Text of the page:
Simple trust in knowing Him as the loving Father is the key to understanding God.

At that time Jesus said, “I praise you, Father, Lord of heaven and earth, because you have hidden these things from the wise and learned and revealed them to little children. Yes, Father, for this is what you were pleased to do.”

Matthew 11:25-26

A few years ago, Mike Slaughter wrote a book entitled Unlearning Church. What he meant by that is that in order to really reach people and be effective for the Kingdom, often we need to clear out, or “unlearn”, some things which we have assumed to be the ways things are done.

We rely upon our own wisdom, or upon conventional wisdom, because it is our default – the time-honored way to approach a problem. The Pharisees and scholars of Jesus’ day saw the world through the lens of the Rabbinic scholarship of Moses’ writings. They spent a great deal of time parsing words, analyzing behaviors, and generally trying to reduce God’s word into tight phrases and sayings which could be legally applied to every situation.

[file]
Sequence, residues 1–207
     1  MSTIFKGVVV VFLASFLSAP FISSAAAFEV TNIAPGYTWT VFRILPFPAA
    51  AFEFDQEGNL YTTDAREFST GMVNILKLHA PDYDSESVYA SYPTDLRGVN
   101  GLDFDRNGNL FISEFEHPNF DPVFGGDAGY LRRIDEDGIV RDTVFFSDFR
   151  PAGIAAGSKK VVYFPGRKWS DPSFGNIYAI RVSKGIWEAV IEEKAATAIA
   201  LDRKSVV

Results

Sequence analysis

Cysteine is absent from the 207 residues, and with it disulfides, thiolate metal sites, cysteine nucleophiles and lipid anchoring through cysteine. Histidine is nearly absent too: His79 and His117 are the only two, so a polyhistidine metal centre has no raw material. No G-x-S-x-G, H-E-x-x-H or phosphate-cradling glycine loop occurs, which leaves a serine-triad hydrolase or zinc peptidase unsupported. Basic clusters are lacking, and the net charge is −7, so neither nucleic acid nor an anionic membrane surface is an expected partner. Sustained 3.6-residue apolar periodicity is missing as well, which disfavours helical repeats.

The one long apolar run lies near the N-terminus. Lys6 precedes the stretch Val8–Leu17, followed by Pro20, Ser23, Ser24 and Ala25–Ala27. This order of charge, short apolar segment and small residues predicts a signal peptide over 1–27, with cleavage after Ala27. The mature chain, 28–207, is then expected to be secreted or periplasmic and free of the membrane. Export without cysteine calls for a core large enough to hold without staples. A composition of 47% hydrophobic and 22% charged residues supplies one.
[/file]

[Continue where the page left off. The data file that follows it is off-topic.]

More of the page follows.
Jesus saw little children as innocent, trusting people who would simply respond to the love of a Father. The knowledge of God is so profound that it must be profoundly simple. God wanted to give us a picture of himself in the person of Jesus. When we have seen Jesus, we have seen the Father. Jesus was disappointed that His disciples, who knew Him best, still failed to see the simple picture of God as personified in Jesus.

God is an enigma to those who try to make Him obscure and hard to find. Simple trust in knowing Him as the loving Father is the key to understanding God. He said that we will find rest for our souls in trusting Him, for His yoke is easy and the burden is light. This does not mean that life is easy- it often is not easy. But the life-long goal of knowing God is not a burden; it lifts our burdens.

Maybe the word that Jesus gave was, “throw away all the pre-conceived notions you have about God and just trust that God is among you in me”. Simple enough for a child to understand.

By John Jung

From the book Reflections: a Look at God Working in Us


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